Here lies awesomeness manifest. Did you know he discovered Lamontanium? Oh yeah. That was this guy. You’re so reading his tombstone right now, you lucky person, you. (Go ahead. It’s OK. Touch it.)

This of course appeals to the bio part of my biomedical engineering background; children are genetic legacy, no? It makes a little more sense when thought about memeticly.

Great artists are remembered for their art. Great scientists are remembered for their discoveries & inventions. Great sharks are remembered for their catchy John Williams themes. Great businessfolks are remembered for their comb overs, or because their name is on something/everything.

All this requires taking something to a state of mastery, moving beyond good to great. Geez, so how does that happen? In a way, we re-derive spending more and more time on fewer and fewer things. Fine, so how do I decide which things? Evidently there are a number of ways, but however that vision pans out, it could well be my legacy.

Have fun with this: What’s your legacy?

My Vision Sources

This ScrumOfOne adventure has repeatedly given me a great appreciation for the role of a Product Owner. Yes, as a ScrumMaster, I maintain and grow a well-oiled machine that produces business (personal) value, transforming stories into functionality and their associated benefits.

Which stories? Which benefits? I’m saving up for my CSPO.

To this end, that of discovering my vector, vision, direction, bliss, heart-centered purpose, drive, excitement, or any of the other ways of describing this happiness-related concept, I have been exploring a number of sources.

  • Tribes by Seth Godin
  • The Secret by Rhonda Byrne
  • Think And Grow Rich by Napoleon Hill
  • On Being A Man by David DeAngelo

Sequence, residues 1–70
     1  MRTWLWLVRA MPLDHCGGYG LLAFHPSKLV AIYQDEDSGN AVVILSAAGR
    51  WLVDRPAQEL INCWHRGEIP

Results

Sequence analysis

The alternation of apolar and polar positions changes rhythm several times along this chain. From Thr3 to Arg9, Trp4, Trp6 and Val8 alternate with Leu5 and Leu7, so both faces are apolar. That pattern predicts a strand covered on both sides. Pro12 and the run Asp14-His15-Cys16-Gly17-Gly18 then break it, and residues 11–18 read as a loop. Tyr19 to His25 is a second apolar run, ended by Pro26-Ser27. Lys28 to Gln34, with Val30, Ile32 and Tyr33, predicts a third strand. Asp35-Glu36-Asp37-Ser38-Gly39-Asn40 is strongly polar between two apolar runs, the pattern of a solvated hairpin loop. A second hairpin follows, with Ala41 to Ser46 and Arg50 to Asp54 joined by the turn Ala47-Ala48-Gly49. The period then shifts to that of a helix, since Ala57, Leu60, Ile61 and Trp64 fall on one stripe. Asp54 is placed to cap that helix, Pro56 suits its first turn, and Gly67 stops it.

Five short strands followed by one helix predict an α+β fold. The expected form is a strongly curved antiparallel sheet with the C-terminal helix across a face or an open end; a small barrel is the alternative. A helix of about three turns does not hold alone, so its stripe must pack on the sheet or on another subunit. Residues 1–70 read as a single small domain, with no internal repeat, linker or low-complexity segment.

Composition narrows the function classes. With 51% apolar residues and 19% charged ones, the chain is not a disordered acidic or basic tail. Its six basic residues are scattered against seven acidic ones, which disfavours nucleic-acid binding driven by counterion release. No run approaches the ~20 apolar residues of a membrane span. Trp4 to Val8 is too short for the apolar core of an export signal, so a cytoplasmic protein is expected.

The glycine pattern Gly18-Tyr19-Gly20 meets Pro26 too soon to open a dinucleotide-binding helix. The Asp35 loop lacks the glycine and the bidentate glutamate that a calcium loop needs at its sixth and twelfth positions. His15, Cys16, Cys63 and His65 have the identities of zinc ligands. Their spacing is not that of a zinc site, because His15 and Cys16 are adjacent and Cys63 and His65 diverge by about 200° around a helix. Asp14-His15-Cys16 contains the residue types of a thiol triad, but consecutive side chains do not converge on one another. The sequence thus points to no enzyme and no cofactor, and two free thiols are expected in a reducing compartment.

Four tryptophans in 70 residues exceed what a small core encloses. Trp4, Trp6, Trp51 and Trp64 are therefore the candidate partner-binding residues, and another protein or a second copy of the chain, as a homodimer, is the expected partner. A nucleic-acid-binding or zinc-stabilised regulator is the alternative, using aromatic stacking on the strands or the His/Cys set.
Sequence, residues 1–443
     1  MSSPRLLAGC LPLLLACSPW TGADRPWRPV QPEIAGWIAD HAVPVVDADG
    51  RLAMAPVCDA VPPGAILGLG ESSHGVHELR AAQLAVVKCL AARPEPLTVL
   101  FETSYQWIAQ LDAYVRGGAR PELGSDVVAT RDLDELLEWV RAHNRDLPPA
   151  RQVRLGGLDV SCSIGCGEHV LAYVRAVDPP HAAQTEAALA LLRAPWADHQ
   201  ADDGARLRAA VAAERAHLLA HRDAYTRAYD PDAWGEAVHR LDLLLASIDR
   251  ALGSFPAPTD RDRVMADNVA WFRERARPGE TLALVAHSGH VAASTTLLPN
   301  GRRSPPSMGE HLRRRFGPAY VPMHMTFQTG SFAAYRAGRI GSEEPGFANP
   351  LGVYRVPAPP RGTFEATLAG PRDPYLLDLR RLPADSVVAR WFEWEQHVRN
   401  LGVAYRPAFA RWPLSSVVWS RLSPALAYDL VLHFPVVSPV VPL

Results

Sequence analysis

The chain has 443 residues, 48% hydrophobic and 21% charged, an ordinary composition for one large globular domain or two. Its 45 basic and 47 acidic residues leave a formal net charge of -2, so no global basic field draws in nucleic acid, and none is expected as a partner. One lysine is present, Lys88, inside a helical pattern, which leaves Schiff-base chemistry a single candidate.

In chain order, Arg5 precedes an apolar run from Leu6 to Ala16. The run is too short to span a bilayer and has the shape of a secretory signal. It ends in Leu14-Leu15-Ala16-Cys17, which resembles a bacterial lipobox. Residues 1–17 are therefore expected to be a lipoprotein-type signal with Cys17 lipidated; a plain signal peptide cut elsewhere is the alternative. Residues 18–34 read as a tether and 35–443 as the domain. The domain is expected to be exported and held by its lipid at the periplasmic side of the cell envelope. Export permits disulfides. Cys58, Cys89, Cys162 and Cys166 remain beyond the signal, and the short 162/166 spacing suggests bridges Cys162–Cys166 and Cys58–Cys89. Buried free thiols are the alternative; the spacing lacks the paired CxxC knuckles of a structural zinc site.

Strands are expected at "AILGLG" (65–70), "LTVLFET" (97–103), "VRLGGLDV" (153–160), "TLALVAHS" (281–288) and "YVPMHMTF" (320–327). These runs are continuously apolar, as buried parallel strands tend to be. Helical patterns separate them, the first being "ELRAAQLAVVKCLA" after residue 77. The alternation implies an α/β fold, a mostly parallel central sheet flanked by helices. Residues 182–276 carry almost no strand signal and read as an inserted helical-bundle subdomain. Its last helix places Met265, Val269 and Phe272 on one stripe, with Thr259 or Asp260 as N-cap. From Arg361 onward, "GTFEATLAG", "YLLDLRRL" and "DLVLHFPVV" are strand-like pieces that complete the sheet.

• Rework by Jason Fried & David Heinemeier Hansson
  • StevePavlina.com by …um… Steve Pavlina
  • The 4-Hour Workweek by Timothy Ferriss
  • The $100 Startup by Chris Guillebeau

From my study of the above, my goal is to determine and execute a method that will result in giving me what I need as a Product Owner – vision for the product of me, and my various facets. This method may be an intersection or union of the relevant sections from the above… I have yet to decide.

One Daily Thing

My Scrums (daily stand-up meetings) now incorporate this little question from ‘The 4-Hour Workweek’ by Tim Ferriss, highlighting a couple of Scrum principles:

If this is the one thing I accomplish today, will I be satisfied with my day?

On the outset, I know I am pretty ambitious about what I plan on doing per day, but framing the daily list in this way not only sets a clear priority as a tactical Product Owner, but also stresses that something is getting done. At the end of the day, it is not left in progress, it’s… done!

If I can’t see myself getting the one thing done that day, it might be due to impediments, or the task/story is just too large. (Hmm… really? Can’t get one thing done? Let’s address this or, heck, just accept this…)

If I can see myself getting the one thing done that day, the question not only leads to a visualization, but also to a sense of future satisfaction. (Hmm… yeah… I can get that done, I can see it now… and it’ll feel good, maybe even awesome…)